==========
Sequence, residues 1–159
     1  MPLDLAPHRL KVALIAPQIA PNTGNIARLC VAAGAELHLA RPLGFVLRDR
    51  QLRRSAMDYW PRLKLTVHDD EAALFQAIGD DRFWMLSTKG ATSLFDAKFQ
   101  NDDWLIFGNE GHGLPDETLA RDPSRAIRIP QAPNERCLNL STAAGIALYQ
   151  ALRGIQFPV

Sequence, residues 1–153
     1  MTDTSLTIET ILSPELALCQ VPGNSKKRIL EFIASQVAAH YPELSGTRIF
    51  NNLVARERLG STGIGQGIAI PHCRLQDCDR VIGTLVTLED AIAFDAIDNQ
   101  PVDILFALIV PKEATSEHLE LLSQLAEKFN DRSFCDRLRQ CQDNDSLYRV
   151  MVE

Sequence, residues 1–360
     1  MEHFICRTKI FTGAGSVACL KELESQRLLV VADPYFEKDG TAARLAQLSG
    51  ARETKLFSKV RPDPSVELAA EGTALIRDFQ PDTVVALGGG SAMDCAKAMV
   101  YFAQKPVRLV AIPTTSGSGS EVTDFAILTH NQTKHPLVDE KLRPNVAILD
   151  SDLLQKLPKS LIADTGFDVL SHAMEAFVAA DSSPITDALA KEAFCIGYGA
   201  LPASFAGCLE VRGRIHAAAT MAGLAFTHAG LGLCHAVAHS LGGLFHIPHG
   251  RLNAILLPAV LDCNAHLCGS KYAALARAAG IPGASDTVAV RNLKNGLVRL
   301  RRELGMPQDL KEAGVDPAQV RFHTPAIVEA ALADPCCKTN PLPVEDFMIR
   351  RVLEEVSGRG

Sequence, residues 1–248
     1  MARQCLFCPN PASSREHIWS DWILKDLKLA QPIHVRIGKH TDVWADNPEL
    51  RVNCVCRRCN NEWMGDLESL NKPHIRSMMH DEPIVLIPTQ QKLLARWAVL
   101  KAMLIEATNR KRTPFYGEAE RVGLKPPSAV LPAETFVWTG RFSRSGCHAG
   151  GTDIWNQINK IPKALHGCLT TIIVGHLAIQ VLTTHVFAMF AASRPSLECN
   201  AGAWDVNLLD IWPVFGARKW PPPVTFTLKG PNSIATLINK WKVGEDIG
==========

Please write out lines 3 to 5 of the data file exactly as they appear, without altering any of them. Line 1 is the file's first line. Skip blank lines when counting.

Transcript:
    51  QLRRSAMDYW PRLKLTVHDD EAALFQAIGD DRFWMLSTKG ATSLFDAKFQ
   101  NDDWLIFGNE GHGLPDETLA RDPSRAIRIP QAPNERCLNL STAAGIALYQ
   151  ALRGIQFPV